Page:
Maria Anna Sophie Cecilia Kalogeropoulos (1923 - 77), known to the world as Maria Callas, was a soprano opera singer, one of the most famous of the 20th century. She was born in New York in 1923 and made her opera debut in Greece in 1941.
Her breakthrough came in 1949 when she replaced another singer as Elvira in 'I Puritani' in Venice. She married Giovanni Battista Meneghini, a wealthy Italian industrialist and opera lover, who became her manager and promoted her as the new star in the Italian bel canto repertoire.
Callas was large and overweight – the ideal image of an opera singer at that time. In 1954, she suddenly lost 30 kilos and the promising singer became a glamorous, news-worthy temperamental opera star. The media made less of her successful debuts in New York, London and Paris than her walk-outs from productions, quarrels with managements, firing from the Metropolitan Opera in New York and affair with the Greek shipping magnate, Aristotle Onassis.
In 1964 Callas starred in 'Tosca' at Covent Garden. The performances are remembered as among the greatest opera experiences of all time. Purists carped that the voice was not always perfect, but it was faultless in communicating raw emotion, passion and heart-stopping suspense. Truth, not sterile perfection, was her aim.
A year later she was ill, but insisted on singing 'Tosca' at a Royal gala in London. It was her last opera appearance. Then in 1968 Onassis married Jacqueline Kennedy, widow of assassinated US president J F Kennedy. A devastated Callas withdrew from public life. Apart from a few master classes and a concert tour, she lived as a recluse in Paris. She died in 1977.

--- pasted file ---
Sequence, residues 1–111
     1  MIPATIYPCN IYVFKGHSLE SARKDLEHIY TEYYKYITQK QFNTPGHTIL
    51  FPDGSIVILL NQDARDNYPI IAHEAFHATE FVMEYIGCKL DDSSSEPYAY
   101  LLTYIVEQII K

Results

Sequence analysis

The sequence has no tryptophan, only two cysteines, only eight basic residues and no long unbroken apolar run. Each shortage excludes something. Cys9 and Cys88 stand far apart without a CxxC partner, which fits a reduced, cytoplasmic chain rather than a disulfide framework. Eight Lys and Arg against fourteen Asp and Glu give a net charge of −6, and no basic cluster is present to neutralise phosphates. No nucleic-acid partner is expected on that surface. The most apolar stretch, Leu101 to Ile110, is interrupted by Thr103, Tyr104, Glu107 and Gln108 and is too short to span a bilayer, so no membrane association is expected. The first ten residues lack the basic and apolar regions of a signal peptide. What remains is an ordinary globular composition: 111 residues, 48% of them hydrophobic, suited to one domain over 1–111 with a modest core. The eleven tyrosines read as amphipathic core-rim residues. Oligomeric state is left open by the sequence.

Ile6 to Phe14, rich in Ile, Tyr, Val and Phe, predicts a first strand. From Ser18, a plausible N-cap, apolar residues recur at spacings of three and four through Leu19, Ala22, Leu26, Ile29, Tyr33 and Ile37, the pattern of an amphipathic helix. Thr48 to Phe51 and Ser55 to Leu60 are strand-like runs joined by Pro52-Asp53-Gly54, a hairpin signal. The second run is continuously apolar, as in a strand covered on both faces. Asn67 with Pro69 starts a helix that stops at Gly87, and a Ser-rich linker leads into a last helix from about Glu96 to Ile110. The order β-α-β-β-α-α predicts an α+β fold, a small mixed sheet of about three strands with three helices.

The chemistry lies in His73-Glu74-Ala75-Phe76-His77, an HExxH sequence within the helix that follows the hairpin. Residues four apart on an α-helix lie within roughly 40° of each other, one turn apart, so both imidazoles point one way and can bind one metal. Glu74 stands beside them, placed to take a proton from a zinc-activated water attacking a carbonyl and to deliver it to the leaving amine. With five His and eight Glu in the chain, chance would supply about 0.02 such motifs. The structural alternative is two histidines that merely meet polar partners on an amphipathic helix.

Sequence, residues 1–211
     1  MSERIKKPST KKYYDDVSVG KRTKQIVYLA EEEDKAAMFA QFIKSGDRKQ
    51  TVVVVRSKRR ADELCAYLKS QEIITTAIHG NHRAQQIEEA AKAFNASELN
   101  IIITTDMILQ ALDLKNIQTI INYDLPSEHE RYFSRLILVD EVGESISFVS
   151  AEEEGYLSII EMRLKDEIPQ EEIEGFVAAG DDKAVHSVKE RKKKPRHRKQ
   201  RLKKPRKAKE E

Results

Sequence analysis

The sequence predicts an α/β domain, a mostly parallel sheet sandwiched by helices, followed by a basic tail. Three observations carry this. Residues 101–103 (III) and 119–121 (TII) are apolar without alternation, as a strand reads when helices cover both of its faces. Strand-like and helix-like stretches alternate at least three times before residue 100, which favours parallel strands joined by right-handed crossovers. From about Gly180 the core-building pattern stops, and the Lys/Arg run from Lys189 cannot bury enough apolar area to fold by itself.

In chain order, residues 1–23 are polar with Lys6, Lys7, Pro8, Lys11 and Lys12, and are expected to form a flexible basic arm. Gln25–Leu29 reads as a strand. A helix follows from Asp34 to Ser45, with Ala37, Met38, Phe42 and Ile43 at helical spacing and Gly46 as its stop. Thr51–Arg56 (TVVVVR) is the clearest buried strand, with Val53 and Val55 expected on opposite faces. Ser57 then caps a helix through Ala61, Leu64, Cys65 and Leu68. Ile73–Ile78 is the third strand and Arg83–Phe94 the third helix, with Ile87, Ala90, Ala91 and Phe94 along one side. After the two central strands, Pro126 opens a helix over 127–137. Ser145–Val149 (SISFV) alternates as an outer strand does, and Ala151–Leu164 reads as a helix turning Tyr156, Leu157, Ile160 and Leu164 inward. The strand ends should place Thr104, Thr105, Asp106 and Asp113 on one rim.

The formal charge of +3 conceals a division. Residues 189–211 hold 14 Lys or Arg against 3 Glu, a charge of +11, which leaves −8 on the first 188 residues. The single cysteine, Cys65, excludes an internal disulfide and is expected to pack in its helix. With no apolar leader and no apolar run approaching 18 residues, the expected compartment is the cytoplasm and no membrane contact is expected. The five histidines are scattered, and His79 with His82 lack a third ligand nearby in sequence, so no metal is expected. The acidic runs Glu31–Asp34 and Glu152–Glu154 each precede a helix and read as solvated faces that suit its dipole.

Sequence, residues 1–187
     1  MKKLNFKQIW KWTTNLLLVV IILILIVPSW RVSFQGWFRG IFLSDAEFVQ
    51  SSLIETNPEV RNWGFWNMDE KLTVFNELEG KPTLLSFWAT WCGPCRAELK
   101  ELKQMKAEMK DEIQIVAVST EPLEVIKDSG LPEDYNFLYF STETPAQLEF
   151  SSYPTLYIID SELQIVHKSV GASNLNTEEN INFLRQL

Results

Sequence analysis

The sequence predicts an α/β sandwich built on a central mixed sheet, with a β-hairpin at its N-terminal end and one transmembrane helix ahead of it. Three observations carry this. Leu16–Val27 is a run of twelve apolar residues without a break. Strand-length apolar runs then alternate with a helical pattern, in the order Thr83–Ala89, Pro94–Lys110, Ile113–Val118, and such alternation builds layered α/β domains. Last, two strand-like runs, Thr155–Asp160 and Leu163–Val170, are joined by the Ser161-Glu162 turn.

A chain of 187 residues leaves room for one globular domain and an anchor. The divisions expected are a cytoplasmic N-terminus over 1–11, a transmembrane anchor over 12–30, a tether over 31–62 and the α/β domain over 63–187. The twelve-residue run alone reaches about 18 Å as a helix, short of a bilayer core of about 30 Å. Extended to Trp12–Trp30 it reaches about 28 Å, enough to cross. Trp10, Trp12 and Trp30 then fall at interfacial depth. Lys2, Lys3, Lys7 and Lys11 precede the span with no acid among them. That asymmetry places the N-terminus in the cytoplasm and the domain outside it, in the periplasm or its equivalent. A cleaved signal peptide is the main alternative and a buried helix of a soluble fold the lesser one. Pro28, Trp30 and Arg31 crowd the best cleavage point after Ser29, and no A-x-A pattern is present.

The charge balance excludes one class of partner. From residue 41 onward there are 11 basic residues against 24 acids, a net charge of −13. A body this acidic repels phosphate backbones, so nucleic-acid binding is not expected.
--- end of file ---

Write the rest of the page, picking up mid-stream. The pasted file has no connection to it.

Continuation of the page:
This photograph shows Maria Callas as Floria Tosca in Act II of Puccini’s opera 'Tosca' at Covent Garden. This was the role in which Callas made a triumphant return to opera after a period of vocal difficulties which had kept her off stage for several years.
In a new production specifically mounted for her by Franco Zeffirelli and co-starring the great baritone Tito Gobbi as the evil Scarpia, Callas redefined forever the role of the temperamental diva forced to take drastic action whilst her lover is being tortured. Some dedicated fans queued for 48 hours for standing places for the performances, whilst tickets were exchanged on the black market for £50 (about £600 today). Such was the success of the production that ITV broadcast the entire Second Act at short notice on The Golden Hour to an audience of over one and a half million viewers in London.
Callas’s interpretation of Tosca was so memorable that even today it is the yardstick by which every soprano attempting the role is measured.